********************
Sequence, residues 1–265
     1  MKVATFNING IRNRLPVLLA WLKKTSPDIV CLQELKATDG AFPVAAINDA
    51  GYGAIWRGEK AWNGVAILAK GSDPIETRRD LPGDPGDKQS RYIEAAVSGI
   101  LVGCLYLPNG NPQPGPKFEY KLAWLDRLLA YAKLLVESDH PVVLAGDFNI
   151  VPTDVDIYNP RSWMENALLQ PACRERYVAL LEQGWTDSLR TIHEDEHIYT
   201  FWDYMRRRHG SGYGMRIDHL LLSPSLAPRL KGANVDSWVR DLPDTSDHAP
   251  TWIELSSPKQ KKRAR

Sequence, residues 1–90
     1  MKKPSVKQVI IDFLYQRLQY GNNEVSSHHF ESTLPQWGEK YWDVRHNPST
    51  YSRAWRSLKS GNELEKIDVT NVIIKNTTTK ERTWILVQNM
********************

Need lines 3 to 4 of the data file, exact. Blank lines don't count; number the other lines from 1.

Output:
    51  GYGAIWRGEK AWNGVAILAK GSDPIETRRD LPGDPGDKQS RYIEAAVSGI
   101  LVGCLYLPNG NPQPGPKFEY KLAWLDRLLA YAKLLVESDH PVVLAGDFNI